Tuesday, April 30, 2013

April's routine repairs

In the month of April 1943, while stationed in Espirito Santo, in addition to major repairs to Alchiba, plane crash and bomb damage to Adhara, repairs to Tappahannock, bomb damage to and the overhaul of American Legion, Dad's ship, the Vestal, continued to tackle numerous "routine not alongside repairs" to various vessels of the fleet. In relative order of service and repair, these ships included: Enterprise, PC 479, Constant, Androit, SC 700, HelenaHonolulu, San Diego, YP-515, Bougainville, plus the Shore Station and various shop jobs on ships in the harbor.

Source: USS Vestal War Diary, April 1943

The Battle of Chancellorsville, 1863

When Union Maj. Gen. Joseph Hooker crossed the Rappahannock on this date in 1863, he placed his Army of the Potomac on Confederate Gen. Robert E. Lee’s vulnerable flank. His advance would signal the beginning of the 7-day Battle of Chancellorsville.

Rather than retreat before Hooker's sizable Federal force, (130,000 Federals to Lee's 60,000) Lee opted to risk an attack against Hooker while he was still within the thick wilderness. Late the following day, Lee and his Lt. Gen. Thomas "Stonewall" Jackson conceived one of the boldest plans of the war. Jackson, with 30,000 Confederates, would follow a circuitous route to the Union right and from there conduct an attack on that exposed flank.

Jackson, having completed his legendary circuit around the enemy, unleashed his men in an overwhelming attack on Hooker's right flank and rear on May 2. His attack stunned the Union XI corps and threatened Hooker’s position, pushing the Northern army back more than 2 miles.

Tragically, the victorious Confederate attack ended with the mortal wounding of Stonewall Jackson, mistakenly fired on by his own men. Jackson, with 8 other Confederate horsemen, were riding forward through the dense woods and thickets on the night of May 2. Returning towards the Confederate lines, his party came under fire from combat-weary Confederates. Jackson was struck by 3 different balls. As he was being evacuated, his litter bearers stumbled and dropped the general twice, further worsening his loss of blood. Later that night, Jackson’s left arm was amputated, and he was subsequently evacuated to Guinea Station, where he died of pneumonia eight days later.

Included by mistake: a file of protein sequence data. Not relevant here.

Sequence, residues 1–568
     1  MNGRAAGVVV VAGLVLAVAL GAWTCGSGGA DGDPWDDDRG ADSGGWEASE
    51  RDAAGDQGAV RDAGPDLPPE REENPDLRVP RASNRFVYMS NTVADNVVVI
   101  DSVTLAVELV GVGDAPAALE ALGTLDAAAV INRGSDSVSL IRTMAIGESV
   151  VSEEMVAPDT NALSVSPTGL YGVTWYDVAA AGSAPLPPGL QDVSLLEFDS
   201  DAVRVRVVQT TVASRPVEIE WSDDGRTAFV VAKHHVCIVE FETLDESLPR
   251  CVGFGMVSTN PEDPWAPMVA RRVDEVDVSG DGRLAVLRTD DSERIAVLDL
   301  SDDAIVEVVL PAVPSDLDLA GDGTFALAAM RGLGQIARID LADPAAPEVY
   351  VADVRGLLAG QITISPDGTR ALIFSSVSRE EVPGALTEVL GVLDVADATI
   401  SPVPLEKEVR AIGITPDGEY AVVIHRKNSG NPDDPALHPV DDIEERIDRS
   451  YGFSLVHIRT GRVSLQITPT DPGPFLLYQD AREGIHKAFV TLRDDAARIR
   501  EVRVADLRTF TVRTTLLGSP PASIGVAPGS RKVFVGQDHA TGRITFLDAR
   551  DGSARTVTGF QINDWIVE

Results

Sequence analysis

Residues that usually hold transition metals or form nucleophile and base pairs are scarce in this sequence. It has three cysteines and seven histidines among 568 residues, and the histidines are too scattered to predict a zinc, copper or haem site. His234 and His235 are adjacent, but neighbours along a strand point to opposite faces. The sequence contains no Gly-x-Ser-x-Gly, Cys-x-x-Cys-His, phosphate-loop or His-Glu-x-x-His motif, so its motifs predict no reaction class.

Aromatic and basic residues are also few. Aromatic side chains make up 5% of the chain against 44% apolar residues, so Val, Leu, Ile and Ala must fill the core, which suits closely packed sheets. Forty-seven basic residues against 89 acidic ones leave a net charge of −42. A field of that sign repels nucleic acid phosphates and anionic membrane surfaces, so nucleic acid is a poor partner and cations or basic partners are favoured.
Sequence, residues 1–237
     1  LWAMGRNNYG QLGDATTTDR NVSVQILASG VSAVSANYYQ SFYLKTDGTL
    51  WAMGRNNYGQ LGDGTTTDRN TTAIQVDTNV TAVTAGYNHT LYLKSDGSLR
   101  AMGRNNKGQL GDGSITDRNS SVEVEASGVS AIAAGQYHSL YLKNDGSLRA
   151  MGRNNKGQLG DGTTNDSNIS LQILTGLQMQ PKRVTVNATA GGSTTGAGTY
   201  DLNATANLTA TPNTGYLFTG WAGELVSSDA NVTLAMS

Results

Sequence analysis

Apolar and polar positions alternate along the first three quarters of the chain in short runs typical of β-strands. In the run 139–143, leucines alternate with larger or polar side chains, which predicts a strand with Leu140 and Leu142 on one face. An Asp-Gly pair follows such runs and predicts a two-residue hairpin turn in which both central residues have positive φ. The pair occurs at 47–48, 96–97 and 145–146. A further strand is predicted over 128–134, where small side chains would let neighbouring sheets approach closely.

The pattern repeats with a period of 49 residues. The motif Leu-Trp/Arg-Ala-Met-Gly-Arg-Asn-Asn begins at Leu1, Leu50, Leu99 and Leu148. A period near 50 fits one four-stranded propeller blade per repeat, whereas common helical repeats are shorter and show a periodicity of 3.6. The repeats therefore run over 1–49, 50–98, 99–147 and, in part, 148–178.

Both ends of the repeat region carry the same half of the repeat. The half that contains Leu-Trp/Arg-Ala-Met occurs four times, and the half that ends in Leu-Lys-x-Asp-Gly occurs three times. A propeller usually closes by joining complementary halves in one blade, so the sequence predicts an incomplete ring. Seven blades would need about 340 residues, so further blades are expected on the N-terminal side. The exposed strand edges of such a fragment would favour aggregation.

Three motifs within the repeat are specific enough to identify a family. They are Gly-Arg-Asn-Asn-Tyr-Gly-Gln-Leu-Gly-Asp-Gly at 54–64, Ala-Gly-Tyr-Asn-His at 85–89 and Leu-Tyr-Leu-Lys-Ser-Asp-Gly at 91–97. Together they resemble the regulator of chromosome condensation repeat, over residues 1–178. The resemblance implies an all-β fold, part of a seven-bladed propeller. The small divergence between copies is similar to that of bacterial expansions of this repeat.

On May 3, 1863, the Confederates resumed their offensive and drove Hooker’s larger army back to a new defensive line nearer the fords. Swinging east, Lee then defeated a separate Federal force near Salem Church, just west of Fredericksburg, that had threatened his rear. Lee went to the fight in person to ensure final success on the 4th, then returned to Chancellorsville to mop up Hooker's defeated army.  With nowhere else to go, on May 6th, Hooker recrossed the Rappahannock River from where he had come 6 days earlier.

Having been outnumbered more than 2 to 1, Lee's victory at Chancellorsville is widely considered to be his greatest. The campaign had cost him about 13,000 casualties, but his enemy about 18,000. However, none of the losses on either side would resonate as loudly and long as the death of Stonewall Jackson. As Jackson lay dying, Lee sent a message, saying "Give General Jackson my affectionate regards, and say to him: he has lost his left arm but I my right." On his death bed, remaining spiritually strong, although he was growing physically weaker, the godly warrior said, "It is the Lord's Day; my wish is fulfilled. I have always desired to die on Sunday."

Source: Civil War TrustWikipedia


During Chancellorsville Campaign, Confederate Gen. Braxton Bragg was readying his Army of Tennessee in the area around Tullahoma, Tennessee. To view my blog about Great Grandfather Nathan Oakes and the 32nd Mississippi Infantry Regiment of Bragg's army, please visit: http://32ndmississippi.blogspot.com

Sunday, April 21, 2013

Dad qualifies as Diver, Second Class

On this date in 1943, my dad, Frank Dolan, already a Metalsmith, First Class (M1c), qualified as a Diver, Second Class. Since his repair ship, Vestal, had a full allowance of divers at this time, he was not detailed to any diving duties, although from time to time, he will work on the diving crew.